My Dad and my Uncle Will are identical twins, the kind of identical twins that laugh outloud together at something that silently passed between them. The kind of identical that after 41 years on this planet with both of them as mirror images in my life, I still had moments when I wasn't sure who was whom. Uncle Will is softer than my Dad. Uncle Will is thinner than my Dad. Uncle Will was the gentler version of my father. I always felt like Uncle Will wouldn't get mad at me or punish me. Not that my Dad was scary or always punishing. My Dad is my hero. But he's MY Dad so there were times when I deserved punishing and he was the one doling it out. I always imagined Uncle Will would let me slide.
For as long as I can remember, my Dad and my Uncle have been playing seriously competitive tennis against each other and each family gathering boasts another victory, another chalk mark for one of them. We all, my brothers and sister, my two cousins, grew up with rackets in our hands. My cousin Stan has evolved into the family champion, but he still wouldn't beat my 72 year old father and his dad. My guess is that the last game the twins played where they were both in equal health was last summer. My guess is my Uncle died a match up on my Dad.
My Uncle was less an uncle and more like my substitute father. As a kid, I imagined sometimes swapping out. Uncle Will taught me how to hold the tennis racket. Uncle Will let me ride the big John Deere tractor.
My best memories of my life are of the summer weeks we'd spend at the beach together, our two families, blended into one, husbands and wives joining as if they'd always been there, babies growing into toddlers into children knowing that these were no cousins, these were no Great Uncles, but more like a double set of grandparents and brothers. My cousins Stan and Brandon are brothers to me. We'd rent adjacent houses, sharing crab boils and cases of beer, playing games and laughing, toasting to our luck having been born in this amazing family of love. Having known that kind of support.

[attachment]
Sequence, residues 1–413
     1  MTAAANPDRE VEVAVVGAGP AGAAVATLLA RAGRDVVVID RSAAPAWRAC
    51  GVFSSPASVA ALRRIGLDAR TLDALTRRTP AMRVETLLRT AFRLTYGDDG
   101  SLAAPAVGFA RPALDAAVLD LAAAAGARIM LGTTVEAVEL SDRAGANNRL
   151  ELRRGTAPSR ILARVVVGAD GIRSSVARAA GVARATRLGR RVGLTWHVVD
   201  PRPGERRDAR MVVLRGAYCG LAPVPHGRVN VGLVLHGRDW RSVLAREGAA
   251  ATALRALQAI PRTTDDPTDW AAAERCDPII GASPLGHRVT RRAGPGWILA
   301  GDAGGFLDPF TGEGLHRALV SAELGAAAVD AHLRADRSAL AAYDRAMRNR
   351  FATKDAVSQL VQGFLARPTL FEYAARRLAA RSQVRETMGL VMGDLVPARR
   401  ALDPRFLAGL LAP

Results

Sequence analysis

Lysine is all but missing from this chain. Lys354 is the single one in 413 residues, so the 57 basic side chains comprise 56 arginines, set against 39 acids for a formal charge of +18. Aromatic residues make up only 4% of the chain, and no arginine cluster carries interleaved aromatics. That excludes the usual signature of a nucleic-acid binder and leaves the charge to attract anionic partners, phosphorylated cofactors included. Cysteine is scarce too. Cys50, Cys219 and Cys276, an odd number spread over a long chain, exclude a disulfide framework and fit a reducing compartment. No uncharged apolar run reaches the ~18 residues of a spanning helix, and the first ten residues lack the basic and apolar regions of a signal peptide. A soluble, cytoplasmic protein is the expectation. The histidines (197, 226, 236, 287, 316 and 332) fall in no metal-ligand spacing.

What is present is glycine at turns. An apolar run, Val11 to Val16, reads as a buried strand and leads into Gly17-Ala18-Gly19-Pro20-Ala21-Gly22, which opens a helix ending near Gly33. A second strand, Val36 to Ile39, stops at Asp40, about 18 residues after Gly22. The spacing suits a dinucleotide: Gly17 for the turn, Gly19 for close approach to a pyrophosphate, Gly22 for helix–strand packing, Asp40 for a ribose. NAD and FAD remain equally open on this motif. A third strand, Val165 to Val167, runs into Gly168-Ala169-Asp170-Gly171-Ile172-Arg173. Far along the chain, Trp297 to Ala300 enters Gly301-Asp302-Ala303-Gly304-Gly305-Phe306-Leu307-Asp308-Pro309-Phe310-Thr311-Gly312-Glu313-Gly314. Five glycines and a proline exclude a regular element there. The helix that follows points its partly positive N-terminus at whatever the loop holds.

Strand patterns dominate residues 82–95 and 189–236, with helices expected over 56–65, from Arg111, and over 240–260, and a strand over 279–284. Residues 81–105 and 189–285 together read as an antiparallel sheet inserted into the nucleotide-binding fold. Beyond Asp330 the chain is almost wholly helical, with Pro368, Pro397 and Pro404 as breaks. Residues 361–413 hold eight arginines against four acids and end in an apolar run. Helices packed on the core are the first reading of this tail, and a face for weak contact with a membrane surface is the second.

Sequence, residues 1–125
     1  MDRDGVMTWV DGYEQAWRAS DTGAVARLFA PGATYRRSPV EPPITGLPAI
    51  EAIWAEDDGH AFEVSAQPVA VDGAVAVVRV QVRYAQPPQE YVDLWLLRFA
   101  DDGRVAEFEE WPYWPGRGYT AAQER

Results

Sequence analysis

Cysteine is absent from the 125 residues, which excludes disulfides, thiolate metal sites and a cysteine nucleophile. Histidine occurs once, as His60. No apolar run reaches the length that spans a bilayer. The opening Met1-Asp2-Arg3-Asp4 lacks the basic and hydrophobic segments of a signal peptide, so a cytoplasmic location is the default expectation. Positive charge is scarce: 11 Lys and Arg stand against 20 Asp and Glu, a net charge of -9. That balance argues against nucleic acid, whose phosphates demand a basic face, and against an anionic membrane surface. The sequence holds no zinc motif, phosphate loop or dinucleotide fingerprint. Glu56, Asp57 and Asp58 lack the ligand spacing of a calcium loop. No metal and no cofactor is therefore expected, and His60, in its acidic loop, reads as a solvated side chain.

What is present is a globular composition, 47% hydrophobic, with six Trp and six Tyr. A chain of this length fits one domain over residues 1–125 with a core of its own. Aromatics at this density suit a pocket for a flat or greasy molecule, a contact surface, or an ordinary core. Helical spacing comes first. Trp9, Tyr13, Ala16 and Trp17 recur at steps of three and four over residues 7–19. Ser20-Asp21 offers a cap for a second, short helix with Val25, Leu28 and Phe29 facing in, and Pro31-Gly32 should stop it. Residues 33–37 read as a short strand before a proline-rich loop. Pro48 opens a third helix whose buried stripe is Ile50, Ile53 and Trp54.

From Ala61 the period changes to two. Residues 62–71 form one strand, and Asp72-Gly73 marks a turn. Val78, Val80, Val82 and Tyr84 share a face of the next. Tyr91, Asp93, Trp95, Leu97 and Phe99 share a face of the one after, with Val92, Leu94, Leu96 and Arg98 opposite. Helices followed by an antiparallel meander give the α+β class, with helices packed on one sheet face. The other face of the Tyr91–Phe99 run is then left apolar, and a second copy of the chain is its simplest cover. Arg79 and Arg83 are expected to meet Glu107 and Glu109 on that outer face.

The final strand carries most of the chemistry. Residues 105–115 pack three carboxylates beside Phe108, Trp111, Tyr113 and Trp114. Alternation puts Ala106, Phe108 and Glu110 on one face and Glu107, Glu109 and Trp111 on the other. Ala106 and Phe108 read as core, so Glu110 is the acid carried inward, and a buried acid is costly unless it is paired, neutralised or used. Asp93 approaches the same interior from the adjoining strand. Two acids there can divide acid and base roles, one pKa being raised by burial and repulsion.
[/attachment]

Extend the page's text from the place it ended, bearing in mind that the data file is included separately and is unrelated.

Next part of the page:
One of my greatest regrets right now is that 2 years ago, at their 70th birthday party, I was booked to play a show at the Sundance Film Festival, which I thought was some big IMPORTANT show. Something that might change my career. I might get heard by the RIGHT people. It turned out to be no more than playing a set in a bar for a bunch of loud indie film people who could have cared less about my folk songs, and a few of my good friends who already knew my music. I could have easily blown that week off and my career wouldn't have suffered one iota. But I made the mistake of choosing that over staying home for a family dinner to celebrate a milestone. At the time, I thought, well, I'll make a promise to be there for the 75th birthday dinner, which will be HUGE.
I am writing this tonight, because just a few hours ago I had the great privilege of playing a show on WFMT in Chicago, a radio show that was broadcast on the web. I was only to play for exactly 58 minutes and Rich Warren, the host, gave me the 5 minute warning just as I'd finished "Double Wide Trailer" which was to be my 3rd from last song. I was then planning on playing a new song, "Its Too Late To Call It A NIght" and then ending with "Piece By Piece", a song I wrote for my Dad 2 years ago when my Uncle Frank passed away suddenly. It ends with "If you fall down, I will be there on my knees. If you break down, cause you'll break down, I can sing you to sleep, put you back when you're weak, piece by piece." When Rich held the 5 minute warning up, I sped right to "Piece By Piece" and took up 3 minutes of my time talking about my Uncle and my father, dedicating the song to both of them. I knew I couldn't sing the whole song, so I sang the first verse, a chorus and went directly to the last verse, a verse directly to my Dad. I almost didn't make it, and felt rushed, but also felt like I needed to sing that, even if it was an abbreviated version of this song. After the show, after mostly everyone had left, I took my phone out of my bag, saw that there were messages from my brother and sister and called my brother to find out that my Uncle had passed.
Singing the show tonight, I had a moment when I was looking up at the ceiling of the studio room, and I just felt like I was flying, like I was doing the thing I loved best, like no matter if I never made money from this career, or if this was the high point of it all, I was so elated to have had the chance to do THIS show, TONIGHT, with THIS audience, singing THESE songs.
Maybe that was my Uncle's pat of approval from his position up in the stars, an angel amongst us.